We are excited to share with you the highlights of the changes to the Malaysian Trade Marks Act (“Amended TMA”) which is currently tabled for its third and final reading before the Malaysian Parliament when it sits in October 2019.
The salient features of the Amended TMA are as follows:
1. Accession to the Madrid Protocol and Multi-Class Applications
For the avoidance of doubt, the Amended TMA does not set out the manner in which the Madrid Protocol is to be implemented. Rather, it empowers the Minister to make regulations to give effect to the same, thereby paving the way for Malaysia’s accession to the Madrid Protocol and fulfillment of commitments under the ASEAN Economic Community Blueprint 2025.
As and when this comes into force, it will become possible to file a single application in one language with one set of fees to seek protection of a trade mark in up to 120 countries. Simultaneously, it will become possible to file a single application covering goods and/or services in multiple classes.
2. Non-Conventional and Collective Marks
Under the Amended TMA, collective and non-conventional marks, including colour, sound, scent, hologram, positioning, shape of goods or their packaging, sequence of motion or any combination thereof, are registrable, provided the mark is capable of being i) represented graphically, and ii) distinguished from those goods and/or services of others.
3. Absolute and Relative Grounds of Refusal
Substantive examination will be based on absolute and relative grounds of refusal, the former including marks which are non-distinctive or descriptive, and the latter based on similar or identical marks which were filed earlier.
In line with the acceptance of non-conventional marks, there are also specific provisions under the absolute grounds of refusal in respect of shape marks, which prohibit the registration of shapes which i) result from the nature of the goods themselves; ii) are necessary to obtain a technical result; or iii) give substantial value to the goods.
The Amended TMA also recognizes consent by the owner of an earlier conflicting mark, although the Registrar retains discretionary powers to accept such consent, taking into account public interest and the likelihood of confusion.
There is also an express provision for the recognition of common law rights under the law of passing off for unregistered marks and trade marks which contravene copyright or industrial design laws.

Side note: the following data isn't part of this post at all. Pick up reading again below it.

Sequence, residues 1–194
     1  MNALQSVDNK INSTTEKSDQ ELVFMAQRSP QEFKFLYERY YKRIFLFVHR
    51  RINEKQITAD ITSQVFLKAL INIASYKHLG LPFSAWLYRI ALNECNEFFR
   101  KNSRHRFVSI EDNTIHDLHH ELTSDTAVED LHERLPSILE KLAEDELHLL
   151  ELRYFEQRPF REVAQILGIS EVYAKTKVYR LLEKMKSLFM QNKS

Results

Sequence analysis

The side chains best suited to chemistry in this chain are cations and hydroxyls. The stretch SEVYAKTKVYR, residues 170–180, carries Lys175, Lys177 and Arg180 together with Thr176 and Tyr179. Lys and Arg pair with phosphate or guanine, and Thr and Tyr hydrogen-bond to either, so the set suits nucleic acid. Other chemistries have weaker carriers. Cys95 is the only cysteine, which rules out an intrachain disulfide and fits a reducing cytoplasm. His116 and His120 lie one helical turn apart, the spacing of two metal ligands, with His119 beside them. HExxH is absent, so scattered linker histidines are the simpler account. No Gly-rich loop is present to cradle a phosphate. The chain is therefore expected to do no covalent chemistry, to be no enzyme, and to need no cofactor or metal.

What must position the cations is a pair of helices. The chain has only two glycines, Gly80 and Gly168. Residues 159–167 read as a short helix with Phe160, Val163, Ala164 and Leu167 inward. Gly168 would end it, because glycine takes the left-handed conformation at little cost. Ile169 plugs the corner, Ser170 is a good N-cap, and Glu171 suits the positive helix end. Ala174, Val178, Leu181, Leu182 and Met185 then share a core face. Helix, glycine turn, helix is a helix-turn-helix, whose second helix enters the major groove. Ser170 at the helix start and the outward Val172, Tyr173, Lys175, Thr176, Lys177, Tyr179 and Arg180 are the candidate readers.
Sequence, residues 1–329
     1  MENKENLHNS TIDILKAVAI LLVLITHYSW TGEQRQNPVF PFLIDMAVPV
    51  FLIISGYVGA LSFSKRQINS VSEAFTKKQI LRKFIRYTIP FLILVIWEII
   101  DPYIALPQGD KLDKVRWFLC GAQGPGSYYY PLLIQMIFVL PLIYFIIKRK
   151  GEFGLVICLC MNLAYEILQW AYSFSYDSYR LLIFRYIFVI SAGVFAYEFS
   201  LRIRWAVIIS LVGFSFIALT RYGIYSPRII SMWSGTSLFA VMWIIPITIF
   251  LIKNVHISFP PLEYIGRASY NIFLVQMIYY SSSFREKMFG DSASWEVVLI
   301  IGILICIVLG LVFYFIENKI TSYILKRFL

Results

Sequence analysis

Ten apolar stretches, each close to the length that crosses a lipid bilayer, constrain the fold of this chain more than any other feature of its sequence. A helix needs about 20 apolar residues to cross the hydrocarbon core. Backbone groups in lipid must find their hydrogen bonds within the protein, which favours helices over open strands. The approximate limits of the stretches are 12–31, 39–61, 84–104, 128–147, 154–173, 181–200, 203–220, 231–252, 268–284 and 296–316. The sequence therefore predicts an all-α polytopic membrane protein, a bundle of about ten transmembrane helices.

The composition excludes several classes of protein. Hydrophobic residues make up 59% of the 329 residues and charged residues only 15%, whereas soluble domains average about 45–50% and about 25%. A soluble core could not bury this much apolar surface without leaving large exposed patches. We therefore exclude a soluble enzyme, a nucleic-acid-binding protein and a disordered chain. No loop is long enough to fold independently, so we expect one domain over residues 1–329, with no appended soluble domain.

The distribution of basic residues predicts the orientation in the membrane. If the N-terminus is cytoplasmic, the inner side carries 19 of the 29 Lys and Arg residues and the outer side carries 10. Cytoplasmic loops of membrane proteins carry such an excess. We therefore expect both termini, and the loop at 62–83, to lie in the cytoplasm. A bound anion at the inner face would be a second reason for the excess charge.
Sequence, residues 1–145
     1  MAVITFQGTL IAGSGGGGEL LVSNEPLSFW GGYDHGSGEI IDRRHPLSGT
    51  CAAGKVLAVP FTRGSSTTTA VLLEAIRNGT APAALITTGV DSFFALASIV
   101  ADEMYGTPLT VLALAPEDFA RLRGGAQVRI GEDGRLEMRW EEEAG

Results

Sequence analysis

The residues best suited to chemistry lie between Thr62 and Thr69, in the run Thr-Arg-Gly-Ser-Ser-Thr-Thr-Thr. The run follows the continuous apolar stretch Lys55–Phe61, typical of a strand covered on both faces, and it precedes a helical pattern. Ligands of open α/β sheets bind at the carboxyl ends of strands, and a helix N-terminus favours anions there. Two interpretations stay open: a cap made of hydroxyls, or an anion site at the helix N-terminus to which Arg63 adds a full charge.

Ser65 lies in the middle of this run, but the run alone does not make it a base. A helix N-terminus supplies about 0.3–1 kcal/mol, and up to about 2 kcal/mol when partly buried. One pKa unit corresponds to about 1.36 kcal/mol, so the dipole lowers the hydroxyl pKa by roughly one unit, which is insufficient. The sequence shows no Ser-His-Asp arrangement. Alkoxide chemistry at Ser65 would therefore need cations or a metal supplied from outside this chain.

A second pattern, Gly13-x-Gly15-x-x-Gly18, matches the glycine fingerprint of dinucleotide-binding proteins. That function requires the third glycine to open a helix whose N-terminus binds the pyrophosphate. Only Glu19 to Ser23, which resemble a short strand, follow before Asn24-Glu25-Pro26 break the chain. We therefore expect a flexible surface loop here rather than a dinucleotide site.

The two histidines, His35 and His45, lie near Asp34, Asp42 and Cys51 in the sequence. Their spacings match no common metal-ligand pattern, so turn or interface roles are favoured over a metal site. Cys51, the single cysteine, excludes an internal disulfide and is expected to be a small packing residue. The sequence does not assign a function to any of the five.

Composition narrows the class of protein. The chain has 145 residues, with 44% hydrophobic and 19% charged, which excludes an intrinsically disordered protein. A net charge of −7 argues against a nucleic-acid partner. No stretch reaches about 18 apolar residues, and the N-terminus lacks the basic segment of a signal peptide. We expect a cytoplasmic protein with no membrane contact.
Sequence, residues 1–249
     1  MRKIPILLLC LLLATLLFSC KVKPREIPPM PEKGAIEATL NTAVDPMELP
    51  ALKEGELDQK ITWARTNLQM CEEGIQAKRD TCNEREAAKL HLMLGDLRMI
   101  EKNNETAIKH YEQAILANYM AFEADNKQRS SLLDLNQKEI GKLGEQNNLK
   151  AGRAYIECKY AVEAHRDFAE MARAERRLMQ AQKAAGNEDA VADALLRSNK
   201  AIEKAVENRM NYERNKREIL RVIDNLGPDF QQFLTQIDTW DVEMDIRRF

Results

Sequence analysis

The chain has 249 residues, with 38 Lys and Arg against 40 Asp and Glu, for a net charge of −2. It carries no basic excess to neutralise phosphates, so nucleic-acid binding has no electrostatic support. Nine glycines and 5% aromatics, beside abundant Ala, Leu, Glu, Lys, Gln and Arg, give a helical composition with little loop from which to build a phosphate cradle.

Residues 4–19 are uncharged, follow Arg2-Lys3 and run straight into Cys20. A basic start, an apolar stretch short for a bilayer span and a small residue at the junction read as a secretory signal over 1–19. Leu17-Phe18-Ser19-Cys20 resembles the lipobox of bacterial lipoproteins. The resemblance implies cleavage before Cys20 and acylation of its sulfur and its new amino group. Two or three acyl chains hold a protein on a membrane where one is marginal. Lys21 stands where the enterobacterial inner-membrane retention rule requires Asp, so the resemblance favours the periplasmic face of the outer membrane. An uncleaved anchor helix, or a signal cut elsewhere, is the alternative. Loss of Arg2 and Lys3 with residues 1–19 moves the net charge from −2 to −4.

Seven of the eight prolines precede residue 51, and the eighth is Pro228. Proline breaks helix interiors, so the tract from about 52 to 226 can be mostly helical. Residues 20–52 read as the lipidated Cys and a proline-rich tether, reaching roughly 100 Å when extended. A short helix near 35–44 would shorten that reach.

4. Trade Marks as Security Interests
The Amended TMA recognizes trade marks as a form of security interest, in the same way as a personal or movable property, and may be the subject of a charge.
5. Revocation on the basis of Non-Use
The grounds for revocation on the basis of non-use have been expanded to include instances when a mark has become a common name in the trade as a consequence of inactivity, and when the use of such mark is liable to mislead the public as to the nature, quality or geographical origin of the goods or services.
6. Abolition of Registered Users
The Amended TMA has done away with the recordal of registered users. However, it will be possible, though not mandatory, to record a license. A license is deemed effective only if it is in writing and signed by or on behalf of the grantor. Sub-licensing is also recognized under the Amended TMA.
7. Expansion of the Scope of Trade mark Infringement
Under the Amended TMA, registered proprietors may bring an action for infringement in respect of goods or services that are similar to the goods or services claimed under the registered mark. Under the old TMA, an infringement action could only have been brought if the infringer used the offending mark in relation to goods or services within the scope of registration of the mark.
The Amended TMA also sets out instances of infringing use to include, amongst others, the application of the mark to goods or their packaging or related trade documents; offering or supplying services under the mark. Further, remedies are also clearly set out to include injunctions, damages, account of profits, delivery up and destruction.
8. Remedies against Groundless Threats
Remedies against groundless threats include a declaration of groundless threat; an injunction and damages in respect of any losses suffered as a result of the threats.
9. Other Regulatory Changes
The Amended TMA also introduced certain regulatory changes, the notable ones being:
a. The filing date is recorded only on fulfillment of all formality requirements;
b. Certificates of registration will no longer be issued except upon request. A notification of registration bearing the seal of the Registrar will be issued in place thereof;
c. A trade mark is deemed valid after five years of registration, instead of 7 years under the old TMA.
10. Privileged Communication
The Amended TMA extends legal professional privilege to communications between a registered trade mark agent and the person appointing or authorizing the agent, as would be the case between a solicitor and client.
Similarly, the right of lien enjoyed by a solicitor in relation to the documents and property of a client is extended to a registered trade mark agent.
11. Transitional Provisions
Applications pending examination before the commencement of the Amended TMA shall be considered for registration under the old TMA, with an option for the applicant to request to have the application examined under the Amended TMA.
The Amended TMA has yet to come into force, pending notification in the Gazette.